Reporting Meghan McCorkell
BALTIMORE (WJZ)– Chilling new video emerges as evidence in a series of targeted attacks on military buildings. A former Marine reservist from Baltimore is behind them all.
Meghan McCorkell has disturbing new insight into the shootings.
Yonathan Melaku will spend 25 years behind bars after pleading guilty to the 2010 shootings. Now, we’re getting a frightening look inside his shooting spree.
In a chilling video, Melaku chants in Arabic as he drives along I-95.
“That’s the military building,” he said in the video. “That’s the building I’m going to be targeting.”
Second later, he unleashes a hail of bullets aimed at the National Museum of the Marine Corps. After that, he says “Mission Accomplished.”
But Thursday, in front of a judge, one of the few words Melaku uttered was “guilty.” Melaku admitted to firing shots at the museum, the Pentagon and two Northern Virginia Marine recruiting centers in October and November of 2010.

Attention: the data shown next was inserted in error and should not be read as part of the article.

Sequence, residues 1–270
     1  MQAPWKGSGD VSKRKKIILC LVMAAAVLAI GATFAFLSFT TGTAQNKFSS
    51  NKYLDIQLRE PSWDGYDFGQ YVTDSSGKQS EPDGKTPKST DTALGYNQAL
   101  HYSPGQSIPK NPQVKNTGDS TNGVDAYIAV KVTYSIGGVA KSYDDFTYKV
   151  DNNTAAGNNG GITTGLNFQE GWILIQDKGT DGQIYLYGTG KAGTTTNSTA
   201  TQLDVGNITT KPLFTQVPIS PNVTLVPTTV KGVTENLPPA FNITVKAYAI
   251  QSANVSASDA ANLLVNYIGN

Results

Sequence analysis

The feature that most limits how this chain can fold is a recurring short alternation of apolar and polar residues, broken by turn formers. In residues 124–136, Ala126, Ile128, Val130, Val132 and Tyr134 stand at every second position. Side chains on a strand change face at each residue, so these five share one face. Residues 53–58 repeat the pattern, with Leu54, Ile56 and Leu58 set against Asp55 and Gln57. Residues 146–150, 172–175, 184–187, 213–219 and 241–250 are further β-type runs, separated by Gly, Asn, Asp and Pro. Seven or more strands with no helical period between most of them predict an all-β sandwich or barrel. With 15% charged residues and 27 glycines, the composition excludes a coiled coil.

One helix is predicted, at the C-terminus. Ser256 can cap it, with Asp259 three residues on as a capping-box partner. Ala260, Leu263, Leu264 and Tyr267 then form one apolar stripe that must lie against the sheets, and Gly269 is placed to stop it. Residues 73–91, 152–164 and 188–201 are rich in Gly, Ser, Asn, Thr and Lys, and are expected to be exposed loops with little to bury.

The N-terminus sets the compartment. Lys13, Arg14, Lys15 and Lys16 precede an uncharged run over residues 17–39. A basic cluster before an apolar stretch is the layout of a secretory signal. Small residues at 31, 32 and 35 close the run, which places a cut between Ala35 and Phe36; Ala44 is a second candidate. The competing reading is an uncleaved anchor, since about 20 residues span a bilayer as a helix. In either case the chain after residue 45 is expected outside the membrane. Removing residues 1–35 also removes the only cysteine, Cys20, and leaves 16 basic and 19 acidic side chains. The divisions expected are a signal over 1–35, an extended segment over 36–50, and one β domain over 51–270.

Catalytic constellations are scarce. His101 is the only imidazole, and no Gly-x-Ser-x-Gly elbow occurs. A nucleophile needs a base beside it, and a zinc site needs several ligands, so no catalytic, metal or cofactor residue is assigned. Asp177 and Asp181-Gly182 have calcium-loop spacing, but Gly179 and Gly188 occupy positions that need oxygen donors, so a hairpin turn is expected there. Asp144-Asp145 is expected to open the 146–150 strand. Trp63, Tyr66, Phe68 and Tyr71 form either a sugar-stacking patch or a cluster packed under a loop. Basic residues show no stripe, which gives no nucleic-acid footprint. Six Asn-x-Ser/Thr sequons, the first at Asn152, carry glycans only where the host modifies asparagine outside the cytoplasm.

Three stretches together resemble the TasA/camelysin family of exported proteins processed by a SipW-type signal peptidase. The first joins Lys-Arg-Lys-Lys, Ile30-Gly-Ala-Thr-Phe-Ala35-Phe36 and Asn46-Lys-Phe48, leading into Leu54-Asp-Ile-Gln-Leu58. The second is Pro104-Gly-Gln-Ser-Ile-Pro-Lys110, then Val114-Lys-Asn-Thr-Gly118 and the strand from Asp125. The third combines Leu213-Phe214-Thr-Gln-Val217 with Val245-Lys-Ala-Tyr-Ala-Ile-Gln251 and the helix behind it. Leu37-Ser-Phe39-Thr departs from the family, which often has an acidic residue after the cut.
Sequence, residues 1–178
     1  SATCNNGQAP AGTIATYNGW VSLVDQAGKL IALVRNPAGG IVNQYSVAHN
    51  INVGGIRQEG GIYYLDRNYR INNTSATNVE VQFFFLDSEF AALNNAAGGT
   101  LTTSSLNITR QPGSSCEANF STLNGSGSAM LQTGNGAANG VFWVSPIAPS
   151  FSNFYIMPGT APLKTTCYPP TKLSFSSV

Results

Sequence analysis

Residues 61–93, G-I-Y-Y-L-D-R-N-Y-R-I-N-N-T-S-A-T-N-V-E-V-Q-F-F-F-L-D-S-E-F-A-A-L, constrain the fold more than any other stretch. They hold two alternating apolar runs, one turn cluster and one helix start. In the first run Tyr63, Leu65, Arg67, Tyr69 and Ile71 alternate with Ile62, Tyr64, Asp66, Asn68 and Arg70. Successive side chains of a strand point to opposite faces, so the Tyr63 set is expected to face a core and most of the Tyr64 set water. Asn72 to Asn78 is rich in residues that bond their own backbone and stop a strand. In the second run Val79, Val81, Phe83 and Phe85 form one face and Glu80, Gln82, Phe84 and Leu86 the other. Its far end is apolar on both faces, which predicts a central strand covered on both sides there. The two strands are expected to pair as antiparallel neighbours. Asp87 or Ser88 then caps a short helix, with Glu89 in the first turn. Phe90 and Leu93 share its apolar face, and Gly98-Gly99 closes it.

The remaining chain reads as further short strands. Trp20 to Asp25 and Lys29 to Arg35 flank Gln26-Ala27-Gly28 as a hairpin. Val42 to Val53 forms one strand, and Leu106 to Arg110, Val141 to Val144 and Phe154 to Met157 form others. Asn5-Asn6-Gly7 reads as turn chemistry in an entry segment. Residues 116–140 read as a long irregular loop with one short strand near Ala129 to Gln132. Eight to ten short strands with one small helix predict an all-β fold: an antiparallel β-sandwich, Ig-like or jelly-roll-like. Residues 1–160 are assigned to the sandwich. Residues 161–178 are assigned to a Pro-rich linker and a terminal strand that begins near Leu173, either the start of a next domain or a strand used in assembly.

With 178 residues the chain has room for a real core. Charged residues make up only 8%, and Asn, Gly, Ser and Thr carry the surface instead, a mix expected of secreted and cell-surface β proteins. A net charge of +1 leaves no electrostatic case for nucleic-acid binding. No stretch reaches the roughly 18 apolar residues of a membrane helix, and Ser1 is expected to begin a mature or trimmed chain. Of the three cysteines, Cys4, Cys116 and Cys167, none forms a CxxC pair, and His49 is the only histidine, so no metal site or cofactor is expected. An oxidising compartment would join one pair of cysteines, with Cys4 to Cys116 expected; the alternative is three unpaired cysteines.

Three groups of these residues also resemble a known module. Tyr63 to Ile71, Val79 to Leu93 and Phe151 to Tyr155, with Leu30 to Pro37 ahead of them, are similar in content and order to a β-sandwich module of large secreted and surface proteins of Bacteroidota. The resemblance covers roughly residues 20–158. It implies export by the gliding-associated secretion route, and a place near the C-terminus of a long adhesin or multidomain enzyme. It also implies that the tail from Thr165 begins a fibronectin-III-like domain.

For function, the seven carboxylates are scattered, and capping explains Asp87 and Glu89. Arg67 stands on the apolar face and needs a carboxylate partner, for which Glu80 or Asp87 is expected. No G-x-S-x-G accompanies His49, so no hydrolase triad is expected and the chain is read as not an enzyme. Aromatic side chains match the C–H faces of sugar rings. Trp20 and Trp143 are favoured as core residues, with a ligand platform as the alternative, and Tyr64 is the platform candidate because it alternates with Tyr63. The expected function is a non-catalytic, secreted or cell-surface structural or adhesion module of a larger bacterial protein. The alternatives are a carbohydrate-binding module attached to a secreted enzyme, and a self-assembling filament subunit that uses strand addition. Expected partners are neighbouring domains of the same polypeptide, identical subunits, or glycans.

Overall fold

No one was hurt in any of the attacks.
“Today’s plea also demonstrates that violent homegrown extremism is present in our community,” said Jacqueline Maguire, an FBI Special Agent.
Melaku was arrested this summer at Arlington National Cemetery where he says he planned to desecrate graves of fallen soldiers from Iraq and Afghanistan.
Inside his backpack was spray paint, shell casings and ammonium nitrate, a chemical used in explosives.
While searching Melaku’s home, FBI agents made another scary discovery.
“The FBI seized a list that was titled ‘Timer’,” Dana Boente, the assistant U.S. attorney, said. “On this list, he had nine components for a detonator or a trigger, for an explosive device.”
Melaku was once a Marine reservist based out of the 4th Combat Engineer Battalion in Baltimore.
While this tape provides insight on how Melaku staged his attacks, investigators say they still don’t know why he did it.
Melaku had joined the Marine Reserves in 2007, but he was never deployed overseas.
U.S. officials say Melaku has no ties to any terror organizations. He will receive a mental health evaluation before he is formally sentenced in April.